Given Seven's commanding position in the main media ad market, the announcement may cause pundits to reconsider their $13 billion sector forecast. Photo: Viki Lascaris
Seven West Media shares plunged today, tumbling 86 cents, or 22.8 per cent, to close at $2.91 after Tuesday's profit downgrade.
Other media stocks joined the selloff. Southern Cross shares were 4.1 per cent lower at $1.31 and Prime Media stocks were 2.7 per cent lower at 72 cents. Fairfax Media shares fell 2 cents to 70 cents while Ten Network shares were steady at 81.5 cents.
Among other media shares, fellow broadcaster Ten was steady at 81.5 cents, and Southern Cross Media was down five cents at $1.32. Fairfax was down two cents to 70 cents, News Corp was up one cent at $18.89, and APN News and Media shares were half a cent lower at 81.5 cents.
Seven West announced that full-year earnings before interest and tax were likely to be almost $50 million less than analysts' expectations of $515 million.
It comes as a resurgent Nine attacks Seven's prime-time schedule with The Voice and The Block, stunting the growth of Australia's Got Talent, Packed to the Rafters and Revenge, and forcing Seven to reschedule shows.
Analysts were caught by surprise. ''We clearly underestimated the level of cost growth in the TV network,'' Citi analyst Justin Diddams said in a note to clients.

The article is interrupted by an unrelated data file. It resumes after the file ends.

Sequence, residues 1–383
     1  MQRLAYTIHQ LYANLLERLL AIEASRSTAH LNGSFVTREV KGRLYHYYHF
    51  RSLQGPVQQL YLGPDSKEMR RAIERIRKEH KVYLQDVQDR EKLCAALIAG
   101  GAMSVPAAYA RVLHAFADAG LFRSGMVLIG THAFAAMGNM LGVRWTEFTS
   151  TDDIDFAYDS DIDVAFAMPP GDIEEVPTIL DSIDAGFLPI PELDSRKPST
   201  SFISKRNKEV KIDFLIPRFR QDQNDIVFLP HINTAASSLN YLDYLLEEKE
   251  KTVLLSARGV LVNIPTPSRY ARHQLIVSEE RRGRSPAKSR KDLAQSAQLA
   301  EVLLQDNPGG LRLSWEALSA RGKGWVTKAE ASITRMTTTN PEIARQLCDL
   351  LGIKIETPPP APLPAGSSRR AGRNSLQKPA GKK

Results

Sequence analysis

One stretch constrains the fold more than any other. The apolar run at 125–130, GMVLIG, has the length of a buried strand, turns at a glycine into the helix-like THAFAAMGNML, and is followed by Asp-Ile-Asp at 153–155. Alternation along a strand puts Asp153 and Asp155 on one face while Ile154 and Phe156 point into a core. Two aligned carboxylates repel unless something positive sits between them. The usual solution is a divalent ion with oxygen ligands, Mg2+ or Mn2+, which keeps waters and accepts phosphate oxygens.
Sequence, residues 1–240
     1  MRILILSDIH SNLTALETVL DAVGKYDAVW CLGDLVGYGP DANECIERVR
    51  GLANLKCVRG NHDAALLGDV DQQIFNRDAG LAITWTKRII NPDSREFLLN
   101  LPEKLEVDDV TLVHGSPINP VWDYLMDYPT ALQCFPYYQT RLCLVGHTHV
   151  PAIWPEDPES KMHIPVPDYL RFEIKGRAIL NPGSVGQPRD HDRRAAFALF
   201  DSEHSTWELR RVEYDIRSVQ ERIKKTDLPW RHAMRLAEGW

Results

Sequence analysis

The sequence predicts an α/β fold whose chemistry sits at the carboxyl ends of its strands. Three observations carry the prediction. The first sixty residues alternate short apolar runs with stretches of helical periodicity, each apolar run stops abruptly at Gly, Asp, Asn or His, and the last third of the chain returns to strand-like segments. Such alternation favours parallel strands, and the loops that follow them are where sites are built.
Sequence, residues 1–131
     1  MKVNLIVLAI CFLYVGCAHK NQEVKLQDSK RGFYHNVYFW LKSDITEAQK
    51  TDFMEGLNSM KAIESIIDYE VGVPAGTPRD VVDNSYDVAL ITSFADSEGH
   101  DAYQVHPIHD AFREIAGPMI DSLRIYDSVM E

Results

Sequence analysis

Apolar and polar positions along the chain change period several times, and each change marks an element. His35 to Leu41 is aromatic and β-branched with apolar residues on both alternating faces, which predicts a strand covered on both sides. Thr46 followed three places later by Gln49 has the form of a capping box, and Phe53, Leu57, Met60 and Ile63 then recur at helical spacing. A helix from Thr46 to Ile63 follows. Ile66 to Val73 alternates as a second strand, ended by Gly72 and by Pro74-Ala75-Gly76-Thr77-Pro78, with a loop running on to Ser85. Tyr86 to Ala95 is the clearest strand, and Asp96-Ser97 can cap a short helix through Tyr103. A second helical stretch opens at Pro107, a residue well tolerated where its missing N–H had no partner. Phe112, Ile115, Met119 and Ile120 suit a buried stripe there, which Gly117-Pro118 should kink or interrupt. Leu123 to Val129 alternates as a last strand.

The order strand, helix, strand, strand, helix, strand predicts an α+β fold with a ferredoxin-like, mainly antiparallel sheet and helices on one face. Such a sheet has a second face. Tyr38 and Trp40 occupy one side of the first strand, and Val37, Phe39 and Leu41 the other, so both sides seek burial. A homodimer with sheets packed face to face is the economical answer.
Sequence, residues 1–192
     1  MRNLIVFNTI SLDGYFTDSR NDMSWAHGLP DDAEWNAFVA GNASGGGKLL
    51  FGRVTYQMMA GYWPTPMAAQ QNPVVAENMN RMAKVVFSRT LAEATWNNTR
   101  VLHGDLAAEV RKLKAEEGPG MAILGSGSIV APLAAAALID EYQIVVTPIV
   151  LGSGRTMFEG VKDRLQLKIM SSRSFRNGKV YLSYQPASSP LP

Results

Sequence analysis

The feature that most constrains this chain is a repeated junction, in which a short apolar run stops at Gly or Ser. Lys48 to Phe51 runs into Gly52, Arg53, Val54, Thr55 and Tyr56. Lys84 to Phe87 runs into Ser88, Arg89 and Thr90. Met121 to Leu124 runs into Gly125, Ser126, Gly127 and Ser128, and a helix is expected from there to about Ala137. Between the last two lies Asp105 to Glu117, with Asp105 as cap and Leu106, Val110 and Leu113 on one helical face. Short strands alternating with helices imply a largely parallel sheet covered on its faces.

Seven West told the market it was committed to rein in cost growth to below inflation, ''except for the continuing investment in programming in the television division'', prompting Citi to forecast annual cost growth of more than 8 per cent.
''Our previous forecasts assumed a portion of the incremental AFL costs, as circa $20 million would be absorbed into the existing programming budget.''
While overall revenue growth at Seven West would ease 0.6 per cent, newspaper revenues were expected to decline 7 per cent in the second half, Citi forecast.
Derryn Chin at Macquarie said in a note that the extent of the weakness came as a surprise, given Seven has the free-to-air AFL broadcast rights and recent suggestions from Ten indicated the market was stabilising, although still weak.
''Putting this all together, we expect the weakness is more likely coming from higher than expected costs in television as well as broad-based weakness across publishing assets in newspapers and magazines, which to date had not been evident in the numbers, despite the much-publicised ex-mining slowdown,'' it said in the note.
Macquarie added that management had told it that visibility for the ad market was ''extremely limited'', which led it to conclude that ''there may be an element of conservatism inherent in this update''.
The announcement will in all likelihood prompt pundits to revisit their forecasts for the $13 billion main media ad market, given Seven's commanding position. Earlier this year the consensus for growth this calendar year was 3 per cent.
Seven West leads in the TV market, with a 40.7 per cent share of the $2.7 billion metropolitan TV ad market, a monopoly of the newspaper market in the boom city of Perth, through West Australian Newspapers, and strong positions in magazines, through Pacific Magazines, and in the internet, through its 50 per cent stake in Yahoo!7.
March-quarter figures from advertising analyst SMI showed the prolonged advertising downturn is yet to abate. And the anaemic broader economic conditions were underscored on Tuesday by quarterly inflation of 0.1 per cent.